So why is it likely, once redistricting is completed this fall, that the state’s balance of power will remain firmly in the hands of Republicans?
While Georgia is a battleground in statewide races, Republicans still wield a solid majority in the General Assembly, where they control 58% of seats, more than enough to approve favorable maps that virtually guarantee reelection in most state House, state Senate and congressional districts. …
Most states are like Georgia, giving state legislatures the sole power over redistricting.
Fifteen states assign responsibility for redistricting to commissions, which are often bipartisan and appointed by legislative leaders, political parties or retired judges. Efforts by Democrats in Georgia to create a redistricting commission haven’t advanced in the General Assembly.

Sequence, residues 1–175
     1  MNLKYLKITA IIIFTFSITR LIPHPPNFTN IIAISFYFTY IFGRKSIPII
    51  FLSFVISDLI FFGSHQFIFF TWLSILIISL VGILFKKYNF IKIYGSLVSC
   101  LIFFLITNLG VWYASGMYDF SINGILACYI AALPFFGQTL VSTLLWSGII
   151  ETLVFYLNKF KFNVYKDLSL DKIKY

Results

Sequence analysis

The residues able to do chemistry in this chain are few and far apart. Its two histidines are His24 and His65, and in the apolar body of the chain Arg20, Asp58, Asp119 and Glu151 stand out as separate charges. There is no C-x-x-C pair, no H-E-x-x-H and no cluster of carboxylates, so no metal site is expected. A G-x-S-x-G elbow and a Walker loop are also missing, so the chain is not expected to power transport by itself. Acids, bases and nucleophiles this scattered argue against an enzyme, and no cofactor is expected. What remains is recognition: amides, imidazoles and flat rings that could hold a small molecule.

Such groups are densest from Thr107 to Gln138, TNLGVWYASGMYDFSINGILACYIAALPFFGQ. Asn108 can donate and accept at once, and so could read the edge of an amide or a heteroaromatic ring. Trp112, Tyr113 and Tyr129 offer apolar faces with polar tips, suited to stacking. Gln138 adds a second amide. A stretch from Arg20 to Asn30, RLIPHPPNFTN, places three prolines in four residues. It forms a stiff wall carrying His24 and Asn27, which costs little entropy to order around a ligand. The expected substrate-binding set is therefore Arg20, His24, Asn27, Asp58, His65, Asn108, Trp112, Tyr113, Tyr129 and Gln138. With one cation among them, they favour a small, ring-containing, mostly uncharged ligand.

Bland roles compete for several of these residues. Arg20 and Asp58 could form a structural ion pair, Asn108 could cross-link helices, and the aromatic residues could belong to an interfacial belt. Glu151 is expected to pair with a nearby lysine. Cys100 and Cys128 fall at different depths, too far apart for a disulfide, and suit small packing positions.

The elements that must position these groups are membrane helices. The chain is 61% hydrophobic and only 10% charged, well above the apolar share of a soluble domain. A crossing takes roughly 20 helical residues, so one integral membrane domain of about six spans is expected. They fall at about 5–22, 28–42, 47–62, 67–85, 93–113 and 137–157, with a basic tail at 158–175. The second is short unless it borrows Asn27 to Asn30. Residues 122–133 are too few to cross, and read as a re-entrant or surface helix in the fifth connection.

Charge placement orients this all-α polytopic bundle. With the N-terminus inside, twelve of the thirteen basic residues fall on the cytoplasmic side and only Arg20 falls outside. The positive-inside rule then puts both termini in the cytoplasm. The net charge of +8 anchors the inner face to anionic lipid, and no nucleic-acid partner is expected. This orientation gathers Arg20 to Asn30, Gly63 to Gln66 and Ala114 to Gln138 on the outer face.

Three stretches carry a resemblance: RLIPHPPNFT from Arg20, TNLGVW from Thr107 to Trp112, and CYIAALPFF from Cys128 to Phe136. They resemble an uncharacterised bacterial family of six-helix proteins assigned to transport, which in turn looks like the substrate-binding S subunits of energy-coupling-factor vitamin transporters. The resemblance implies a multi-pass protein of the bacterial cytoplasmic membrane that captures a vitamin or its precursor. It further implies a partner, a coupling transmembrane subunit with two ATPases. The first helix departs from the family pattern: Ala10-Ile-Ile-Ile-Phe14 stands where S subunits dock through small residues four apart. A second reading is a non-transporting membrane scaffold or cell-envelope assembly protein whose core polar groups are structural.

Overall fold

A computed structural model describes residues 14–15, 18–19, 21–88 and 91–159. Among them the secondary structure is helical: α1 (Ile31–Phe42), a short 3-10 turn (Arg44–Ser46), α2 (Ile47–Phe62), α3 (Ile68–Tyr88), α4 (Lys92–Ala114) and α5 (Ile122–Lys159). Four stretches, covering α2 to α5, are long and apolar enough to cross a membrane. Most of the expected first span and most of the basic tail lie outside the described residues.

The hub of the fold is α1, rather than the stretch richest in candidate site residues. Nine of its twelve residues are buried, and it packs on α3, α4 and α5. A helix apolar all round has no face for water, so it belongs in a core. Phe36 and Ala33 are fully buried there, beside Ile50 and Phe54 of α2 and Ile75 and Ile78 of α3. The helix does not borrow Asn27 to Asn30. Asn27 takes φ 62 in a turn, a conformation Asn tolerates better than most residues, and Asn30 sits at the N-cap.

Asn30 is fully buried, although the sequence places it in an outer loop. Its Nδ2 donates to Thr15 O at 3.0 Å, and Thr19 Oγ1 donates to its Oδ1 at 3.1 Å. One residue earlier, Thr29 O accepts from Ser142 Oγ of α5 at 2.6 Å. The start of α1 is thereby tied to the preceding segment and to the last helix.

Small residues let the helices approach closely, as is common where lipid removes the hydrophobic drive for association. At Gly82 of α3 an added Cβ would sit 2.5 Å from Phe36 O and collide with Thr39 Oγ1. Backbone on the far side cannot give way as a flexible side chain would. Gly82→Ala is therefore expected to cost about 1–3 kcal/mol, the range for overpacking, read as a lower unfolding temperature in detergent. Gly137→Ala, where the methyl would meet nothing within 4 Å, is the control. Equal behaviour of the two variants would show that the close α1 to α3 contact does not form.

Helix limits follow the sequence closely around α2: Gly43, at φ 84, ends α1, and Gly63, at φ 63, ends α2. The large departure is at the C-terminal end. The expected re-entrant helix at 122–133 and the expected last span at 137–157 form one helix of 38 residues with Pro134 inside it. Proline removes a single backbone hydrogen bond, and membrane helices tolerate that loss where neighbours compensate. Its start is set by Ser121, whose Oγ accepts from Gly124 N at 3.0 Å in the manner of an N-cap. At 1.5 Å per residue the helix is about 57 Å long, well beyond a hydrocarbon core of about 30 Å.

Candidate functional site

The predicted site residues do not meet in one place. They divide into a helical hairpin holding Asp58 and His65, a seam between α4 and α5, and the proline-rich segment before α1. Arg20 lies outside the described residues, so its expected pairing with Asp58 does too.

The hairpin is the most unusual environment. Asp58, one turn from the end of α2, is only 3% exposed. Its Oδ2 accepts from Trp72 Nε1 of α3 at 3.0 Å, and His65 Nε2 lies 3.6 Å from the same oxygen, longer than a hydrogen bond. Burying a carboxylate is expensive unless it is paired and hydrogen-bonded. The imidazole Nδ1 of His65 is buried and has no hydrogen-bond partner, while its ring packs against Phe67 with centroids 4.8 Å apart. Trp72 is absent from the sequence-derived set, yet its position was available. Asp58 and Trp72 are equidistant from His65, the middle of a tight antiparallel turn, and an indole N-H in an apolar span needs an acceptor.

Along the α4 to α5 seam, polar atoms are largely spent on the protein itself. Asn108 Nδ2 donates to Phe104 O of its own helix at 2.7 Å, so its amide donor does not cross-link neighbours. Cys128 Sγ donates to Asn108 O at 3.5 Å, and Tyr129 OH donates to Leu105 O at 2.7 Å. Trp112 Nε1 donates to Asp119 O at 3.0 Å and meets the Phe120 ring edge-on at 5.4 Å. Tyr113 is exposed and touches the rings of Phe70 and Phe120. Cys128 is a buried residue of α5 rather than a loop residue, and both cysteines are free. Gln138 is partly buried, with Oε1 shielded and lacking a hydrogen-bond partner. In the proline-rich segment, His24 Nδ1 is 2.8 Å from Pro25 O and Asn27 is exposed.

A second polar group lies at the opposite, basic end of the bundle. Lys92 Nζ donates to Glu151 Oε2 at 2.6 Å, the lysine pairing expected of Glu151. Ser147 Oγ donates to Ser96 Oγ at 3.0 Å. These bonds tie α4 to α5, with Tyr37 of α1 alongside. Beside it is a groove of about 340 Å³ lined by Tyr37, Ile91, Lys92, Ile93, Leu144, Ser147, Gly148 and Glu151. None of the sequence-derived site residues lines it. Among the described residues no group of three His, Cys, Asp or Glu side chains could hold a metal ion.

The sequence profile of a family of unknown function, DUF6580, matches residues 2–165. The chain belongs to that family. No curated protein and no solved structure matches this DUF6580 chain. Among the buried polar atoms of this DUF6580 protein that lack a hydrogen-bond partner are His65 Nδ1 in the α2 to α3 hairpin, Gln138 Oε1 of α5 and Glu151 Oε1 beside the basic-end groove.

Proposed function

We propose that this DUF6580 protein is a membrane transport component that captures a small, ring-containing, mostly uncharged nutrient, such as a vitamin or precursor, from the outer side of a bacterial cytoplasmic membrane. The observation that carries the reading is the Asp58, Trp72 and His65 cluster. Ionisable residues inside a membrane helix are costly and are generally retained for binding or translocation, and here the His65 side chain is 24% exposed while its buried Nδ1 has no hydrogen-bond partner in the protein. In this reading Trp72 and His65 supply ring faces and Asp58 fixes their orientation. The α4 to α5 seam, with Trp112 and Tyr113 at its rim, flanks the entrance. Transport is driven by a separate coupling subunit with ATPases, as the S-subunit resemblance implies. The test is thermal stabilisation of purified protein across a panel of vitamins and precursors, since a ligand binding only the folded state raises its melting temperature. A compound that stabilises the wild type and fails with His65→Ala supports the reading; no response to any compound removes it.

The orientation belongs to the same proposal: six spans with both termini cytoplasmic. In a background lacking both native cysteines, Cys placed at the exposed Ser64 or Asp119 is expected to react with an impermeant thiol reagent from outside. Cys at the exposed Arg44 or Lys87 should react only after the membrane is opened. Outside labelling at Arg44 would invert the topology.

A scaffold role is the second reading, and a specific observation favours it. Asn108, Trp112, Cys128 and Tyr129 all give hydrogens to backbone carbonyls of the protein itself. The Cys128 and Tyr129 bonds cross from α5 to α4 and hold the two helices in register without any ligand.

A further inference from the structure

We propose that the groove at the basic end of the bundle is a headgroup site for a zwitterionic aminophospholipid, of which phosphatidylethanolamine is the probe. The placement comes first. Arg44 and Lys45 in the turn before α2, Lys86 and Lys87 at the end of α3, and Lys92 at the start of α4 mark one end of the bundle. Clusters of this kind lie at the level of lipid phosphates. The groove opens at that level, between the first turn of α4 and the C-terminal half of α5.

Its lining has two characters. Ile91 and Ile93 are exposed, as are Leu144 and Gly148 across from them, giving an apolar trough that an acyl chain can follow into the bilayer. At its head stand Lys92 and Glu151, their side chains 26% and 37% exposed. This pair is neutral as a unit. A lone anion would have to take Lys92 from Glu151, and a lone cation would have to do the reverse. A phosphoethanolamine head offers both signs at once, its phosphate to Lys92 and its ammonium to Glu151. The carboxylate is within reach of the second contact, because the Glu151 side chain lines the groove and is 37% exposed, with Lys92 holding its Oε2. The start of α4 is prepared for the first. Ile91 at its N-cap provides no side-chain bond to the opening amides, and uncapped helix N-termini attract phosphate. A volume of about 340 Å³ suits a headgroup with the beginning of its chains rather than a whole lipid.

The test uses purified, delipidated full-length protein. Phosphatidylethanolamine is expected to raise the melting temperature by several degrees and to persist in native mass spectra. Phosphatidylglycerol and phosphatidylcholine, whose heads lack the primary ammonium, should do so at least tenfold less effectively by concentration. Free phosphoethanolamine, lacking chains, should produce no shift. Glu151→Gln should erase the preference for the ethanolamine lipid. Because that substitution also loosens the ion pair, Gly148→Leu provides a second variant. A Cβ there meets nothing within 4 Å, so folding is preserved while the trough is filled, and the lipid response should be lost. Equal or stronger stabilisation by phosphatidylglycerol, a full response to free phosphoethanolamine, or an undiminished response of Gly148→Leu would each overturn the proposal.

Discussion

“We should have representation that reflects the composition of the state,” said Aunna Dennis, executive director for the government accountability organization Common Cause Georgia. “That could mean districts that look more red, more purple or more blue. That should be a reflection of the ideology of the community.”